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Summary:

For venture investors, it’s not easy to find liquidity these days. Despite a handful of new listings, technology investors with stakes in midsized growth companies are wondering if the warm IPO market of past years will ever return, even if it never approaches the heights of […]

nyseFor venture investors, it’s not easy to find liquidity these days. Despite a handful of new listings, technology investors with stakes in midsized growth companies are wondering if the warm IPO market of past years will ever return, even if it never approaches the heights of the wild late-1990s boom era again. Now, one Sand Hill Road-based startup, InsideVenture, has launched a platform designed to make it easier for companies to go public by joining late-stage private investment with the IPO, creating the so-called HPPO (“hybrid public private offering”) model in an effort to provide liquidity while stabilizing aftermarket performance.

InsideVenture CEO Mona DeFrawi says the new method could “bring back the IPO of the 1990s,” and while that seems like an overstatement to me, the model could soon open a window for growth companies in a certain class, including well-financed, profitable tech startups founded in the early to middle years of the current decade. Conservative institutional investors may be attracted to the model as well, as it affords a chance to cultivate a relationship with an IPO candidate while it’s still private. But it’s still an experimental model, and someone will have to go first.

InsideVenture plays an advisory role for startups while linking them with a community of long-term investors and investment banking partners, according to DeFrawi. The firm launched a direct market for investment in late-stage venture-backed companies last fall, and is now encouraging them to consider a hybrid offering as well. The new model involves complete and typical SEC compliance and regulatory filings, bringing in an 80 percent financial commitment from its community members, which are committed long-term investors. The remaining 20 percent goes to retail investors. Many of those long-term stakeholders — typically late-stage venture firms, public portfolio managers and selected strategic investors — “would have been in private rounds anyway,” according to DeFrawi, and provide some insurance against the volatility that comes from having too many short-term investors.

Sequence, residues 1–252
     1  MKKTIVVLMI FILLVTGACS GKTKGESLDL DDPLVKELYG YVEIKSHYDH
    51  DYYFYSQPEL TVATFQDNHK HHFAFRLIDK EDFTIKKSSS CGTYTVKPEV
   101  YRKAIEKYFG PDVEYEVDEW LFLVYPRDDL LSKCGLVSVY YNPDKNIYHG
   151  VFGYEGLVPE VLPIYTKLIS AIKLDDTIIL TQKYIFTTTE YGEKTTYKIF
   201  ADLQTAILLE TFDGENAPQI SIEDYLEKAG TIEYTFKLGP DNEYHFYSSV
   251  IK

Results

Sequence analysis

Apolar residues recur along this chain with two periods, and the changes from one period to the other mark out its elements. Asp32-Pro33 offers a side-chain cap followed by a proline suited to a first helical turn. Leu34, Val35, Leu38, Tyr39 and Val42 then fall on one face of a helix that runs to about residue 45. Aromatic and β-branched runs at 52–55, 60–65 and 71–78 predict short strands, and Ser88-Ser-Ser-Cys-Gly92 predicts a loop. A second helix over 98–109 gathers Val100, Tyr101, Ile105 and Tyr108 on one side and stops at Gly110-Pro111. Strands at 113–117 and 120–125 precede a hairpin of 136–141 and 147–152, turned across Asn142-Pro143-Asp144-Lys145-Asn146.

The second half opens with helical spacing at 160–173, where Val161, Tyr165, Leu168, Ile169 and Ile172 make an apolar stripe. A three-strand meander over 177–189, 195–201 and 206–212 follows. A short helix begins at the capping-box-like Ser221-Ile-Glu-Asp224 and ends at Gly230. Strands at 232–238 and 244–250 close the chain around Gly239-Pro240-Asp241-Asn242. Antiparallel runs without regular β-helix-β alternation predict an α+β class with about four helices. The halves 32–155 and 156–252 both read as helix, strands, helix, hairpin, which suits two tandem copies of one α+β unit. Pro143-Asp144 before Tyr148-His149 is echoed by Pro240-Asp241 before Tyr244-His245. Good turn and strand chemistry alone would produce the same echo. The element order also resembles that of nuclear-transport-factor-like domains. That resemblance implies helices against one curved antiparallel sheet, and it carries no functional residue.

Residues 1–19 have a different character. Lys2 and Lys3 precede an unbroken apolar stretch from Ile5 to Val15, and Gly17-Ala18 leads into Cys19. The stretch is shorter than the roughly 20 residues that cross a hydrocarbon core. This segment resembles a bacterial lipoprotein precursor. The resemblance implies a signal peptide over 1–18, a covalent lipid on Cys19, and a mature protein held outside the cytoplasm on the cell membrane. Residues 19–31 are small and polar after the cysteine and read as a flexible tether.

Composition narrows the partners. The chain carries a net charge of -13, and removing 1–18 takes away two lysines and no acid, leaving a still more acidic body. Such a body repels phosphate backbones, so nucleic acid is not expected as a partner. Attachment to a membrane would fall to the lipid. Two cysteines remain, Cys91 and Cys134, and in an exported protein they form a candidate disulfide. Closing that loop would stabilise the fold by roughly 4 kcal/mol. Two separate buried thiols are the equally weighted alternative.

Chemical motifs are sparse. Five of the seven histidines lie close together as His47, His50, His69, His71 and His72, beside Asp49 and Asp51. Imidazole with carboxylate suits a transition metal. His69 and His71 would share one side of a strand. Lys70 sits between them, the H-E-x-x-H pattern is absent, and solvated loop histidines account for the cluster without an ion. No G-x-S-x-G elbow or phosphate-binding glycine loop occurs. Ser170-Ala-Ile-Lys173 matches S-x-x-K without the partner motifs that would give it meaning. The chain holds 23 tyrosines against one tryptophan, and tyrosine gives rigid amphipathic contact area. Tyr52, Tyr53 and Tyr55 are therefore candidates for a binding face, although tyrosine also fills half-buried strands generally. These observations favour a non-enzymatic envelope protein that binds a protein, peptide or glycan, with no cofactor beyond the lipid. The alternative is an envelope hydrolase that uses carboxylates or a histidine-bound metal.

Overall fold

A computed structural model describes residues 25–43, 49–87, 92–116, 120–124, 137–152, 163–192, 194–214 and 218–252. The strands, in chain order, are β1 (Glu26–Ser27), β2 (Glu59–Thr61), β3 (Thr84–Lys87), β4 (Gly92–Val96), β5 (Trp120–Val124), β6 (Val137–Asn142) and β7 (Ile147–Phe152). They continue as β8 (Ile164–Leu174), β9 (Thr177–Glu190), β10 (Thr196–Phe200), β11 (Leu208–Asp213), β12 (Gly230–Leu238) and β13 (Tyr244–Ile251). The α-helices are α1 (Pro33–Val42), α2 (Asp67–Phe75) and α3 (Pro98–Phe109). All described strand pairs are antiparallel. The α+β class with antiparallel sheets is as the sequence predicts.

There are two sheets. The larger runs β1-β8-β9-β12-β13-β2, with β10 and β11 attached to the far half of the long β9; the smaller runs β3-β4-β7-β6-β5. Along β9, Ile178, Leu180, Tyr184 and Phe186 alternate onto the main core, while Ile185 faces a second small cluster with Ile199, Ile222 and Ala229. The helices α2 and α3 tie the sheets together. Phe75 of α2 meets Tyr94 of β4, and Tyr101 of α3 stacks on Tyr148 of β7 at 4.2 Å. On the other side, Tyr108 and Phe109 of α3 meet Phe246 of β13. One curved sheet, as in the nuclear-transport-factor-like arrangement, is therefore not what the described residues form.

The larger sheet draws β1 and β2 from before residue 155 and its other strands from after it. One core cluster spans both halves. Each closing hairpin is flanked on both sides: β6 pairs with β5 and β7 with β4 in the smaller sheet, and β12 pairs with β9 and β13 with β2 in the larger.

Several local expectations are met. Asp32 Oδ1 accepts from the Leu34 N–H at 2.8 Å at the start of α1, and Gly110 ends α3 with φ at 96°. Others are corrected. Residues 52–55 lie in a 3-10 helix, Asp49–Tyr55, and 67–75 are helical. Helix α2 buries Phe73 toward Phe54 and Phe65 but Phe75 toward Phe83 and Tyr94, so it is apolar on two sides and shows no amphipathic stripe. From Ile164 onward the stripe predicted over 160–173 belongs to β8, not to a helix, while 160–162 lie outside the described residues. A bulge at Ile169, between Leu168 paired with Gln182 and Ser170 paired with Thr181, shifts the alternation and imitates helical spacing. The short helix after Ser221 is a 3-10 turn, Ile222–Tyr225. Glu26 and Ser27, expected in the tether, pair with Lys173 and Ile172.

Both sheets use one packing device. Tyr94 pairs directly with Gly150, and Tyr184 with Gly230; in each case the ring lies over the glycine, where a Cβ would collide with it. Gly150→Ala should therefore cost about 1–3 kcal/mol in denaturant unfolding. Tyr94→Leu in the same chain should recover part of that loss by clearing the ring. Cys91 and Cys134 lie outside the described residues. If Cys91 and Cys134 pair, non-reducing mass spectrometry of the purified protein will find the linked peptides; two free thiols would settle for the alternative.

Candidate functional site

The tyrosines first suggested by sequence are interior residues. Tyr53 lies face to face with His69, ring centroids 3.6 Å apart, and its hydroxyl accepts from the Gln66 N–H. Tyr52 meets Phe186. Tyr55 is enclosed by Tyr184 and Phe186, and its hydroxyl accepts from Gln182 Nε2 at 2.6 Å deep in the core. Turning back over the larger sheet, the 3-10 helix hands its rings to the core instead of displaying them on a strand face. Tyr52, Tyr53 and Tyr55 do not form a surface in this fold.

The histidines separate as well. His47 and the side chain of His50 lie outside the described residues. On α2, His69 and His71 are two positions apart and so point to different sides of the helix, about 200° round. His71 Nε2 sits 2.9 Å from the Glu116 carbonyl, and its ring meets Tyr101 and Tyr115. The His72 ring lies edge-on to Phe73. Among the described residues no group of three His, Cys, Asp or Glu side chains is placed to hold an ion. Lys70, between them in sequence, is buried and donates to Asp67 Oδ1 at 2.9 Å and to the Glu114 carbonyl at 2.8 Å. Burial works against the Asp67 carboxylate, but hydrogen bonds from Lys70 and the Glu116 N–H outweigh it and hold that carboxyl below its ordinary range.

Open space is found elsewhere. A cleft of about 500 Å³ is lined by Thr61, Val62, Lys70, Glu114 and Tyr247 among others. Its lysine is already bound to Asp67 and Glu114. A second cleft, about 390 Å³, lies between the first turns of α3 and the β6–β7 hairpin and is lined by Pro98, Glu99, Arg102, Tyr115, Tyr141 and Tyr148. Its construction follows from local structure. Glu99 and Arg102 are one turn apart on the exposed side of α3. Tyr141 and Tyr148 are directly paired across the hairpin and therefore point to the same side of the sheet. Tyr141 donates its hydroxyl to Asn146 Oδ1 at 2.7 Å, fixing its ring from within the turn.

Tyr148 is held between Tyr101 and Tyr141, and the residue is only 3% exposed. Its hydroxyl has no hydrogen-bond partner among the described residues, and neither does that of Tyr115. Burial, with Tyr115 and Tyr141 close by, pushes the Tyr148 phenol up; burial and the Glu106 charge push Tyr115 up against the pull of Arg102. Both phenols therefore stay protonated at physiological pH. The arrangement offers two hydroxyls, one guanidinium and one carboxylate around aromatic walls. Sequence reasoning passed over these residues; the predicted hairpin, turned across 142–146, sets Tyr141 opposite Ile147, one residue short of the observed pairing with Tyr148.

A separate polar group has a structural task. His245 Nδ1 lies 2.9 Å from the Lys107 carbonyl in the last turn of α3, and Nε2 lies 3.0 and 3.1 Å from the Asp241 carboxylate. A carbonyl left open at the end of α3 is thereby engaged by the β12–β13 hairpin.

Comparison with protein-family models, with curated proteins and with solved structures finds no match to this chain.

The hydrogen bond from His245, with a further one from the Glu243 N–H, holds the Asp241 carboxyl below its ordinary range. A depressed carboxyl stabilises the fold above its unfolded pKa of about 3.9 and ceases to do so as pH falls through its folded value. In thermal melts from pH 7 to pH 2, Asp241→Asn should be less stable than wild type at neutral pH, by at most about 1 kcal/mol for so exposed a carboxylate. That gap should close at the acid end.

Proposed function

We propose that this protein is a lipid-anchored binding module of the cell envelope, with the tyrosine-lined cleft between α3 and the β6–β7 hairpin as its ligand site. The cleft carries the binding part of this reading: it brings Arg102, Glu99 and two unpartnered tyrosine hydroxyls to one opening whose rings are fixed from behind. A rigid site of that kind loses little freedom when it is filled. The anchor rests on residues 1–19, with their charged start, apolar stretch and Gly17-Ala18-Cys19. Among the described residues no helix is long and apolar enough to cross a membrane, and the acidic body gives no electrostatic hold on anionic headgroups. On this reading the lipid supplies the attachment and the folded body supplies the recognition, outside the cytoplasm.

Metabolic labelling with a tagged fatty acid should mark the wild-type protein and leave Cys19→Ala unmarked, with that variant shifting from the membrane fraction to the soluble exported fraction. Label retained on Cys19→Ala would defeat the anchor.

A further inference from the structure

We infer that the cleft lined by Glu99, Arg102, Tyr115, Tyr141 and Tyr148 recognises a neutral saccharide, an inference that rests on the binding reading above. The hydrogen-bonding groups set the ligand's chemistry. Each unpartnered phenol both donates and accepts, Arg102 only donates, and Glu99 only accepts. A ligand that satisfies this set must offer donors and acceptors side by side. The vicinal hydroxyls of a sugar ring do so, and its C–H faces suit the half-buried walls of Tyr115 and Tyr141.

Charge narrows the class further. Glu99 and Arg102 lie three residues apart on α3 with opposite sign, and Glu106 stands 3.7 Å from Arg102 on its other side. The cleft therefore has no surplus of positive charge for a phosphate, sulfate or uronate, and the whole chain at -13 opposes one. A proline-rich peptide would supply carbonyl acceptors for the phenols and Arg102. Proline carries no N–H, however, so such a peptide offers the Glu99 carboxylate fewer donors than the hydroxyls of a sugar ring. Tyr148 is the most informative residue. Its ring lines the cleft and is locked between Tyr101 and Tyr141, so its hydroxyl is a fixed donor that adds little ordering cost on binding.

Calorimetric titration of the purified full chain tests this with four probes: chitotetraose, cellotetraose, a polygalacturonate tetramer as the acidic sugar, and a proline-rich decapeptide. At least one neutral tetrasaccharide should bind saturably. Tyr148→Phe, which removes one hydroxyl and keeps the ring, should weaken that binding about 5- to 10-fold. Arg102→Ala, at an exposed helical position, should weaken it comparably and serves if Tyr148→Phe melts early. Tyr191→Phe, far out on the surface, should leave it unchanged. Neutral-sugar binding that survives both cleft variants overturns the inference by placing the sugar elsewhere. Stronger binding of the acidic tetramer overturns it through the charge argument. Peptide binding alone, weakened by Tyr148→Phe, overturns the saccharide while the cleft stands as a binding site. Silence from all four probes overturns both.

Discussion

No company has registered for such an offering yet, but InsideVenture announced the new model at this morning’s NYSE bell-ringing with three companies by its side. They included online investment adviser Financial Engines, software product development platform creator GlobalLogic, and secure collaborative workspace developer IntraLinks — all potential candidates for hybrid offerings.

Going public is still very costly and requires full transparency, and structural changes, such as Sarbanes-Oxley, since the late 1990s have made it far more difficult to conduct an offering. What’s more, DeFrawi acknowledged that companies using InsideVenture’s hybrid model will probably still have to conduct secondary offerings at a later date. Other alternatives have also begun to arise for late-stage private companies, such as Tim Draper’s XChange, a private market for illiquid securities. But DeFrawi said InsideVenture’s new model will allow more small to midcap companies, valued at well under $1 billion, to step into the public markets and gain liquidity with some reduced risk in the aftermarket period, potentially returning a new class of companies to a lean IPO marketplace.

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  1. Pretty cool. Many similarities to OffRoad Capital back in 2000. OffRoad had the right concept, but like the Apple Newton ahead of its time.

    1. Alex, correct to some extend but OffRoad tried to create a new security instead of going with the traditional common stock offering if I recall properly; hence not really clearing the complexity of private company cap tables and preferrences.

  2. A hybrid makes very little sense why will companies register to do this? They will go to existing secondary buyers before a “hybrid offering”. I don’t think they have even done a deal in the direct market, so what makes inside ventures think this will work.

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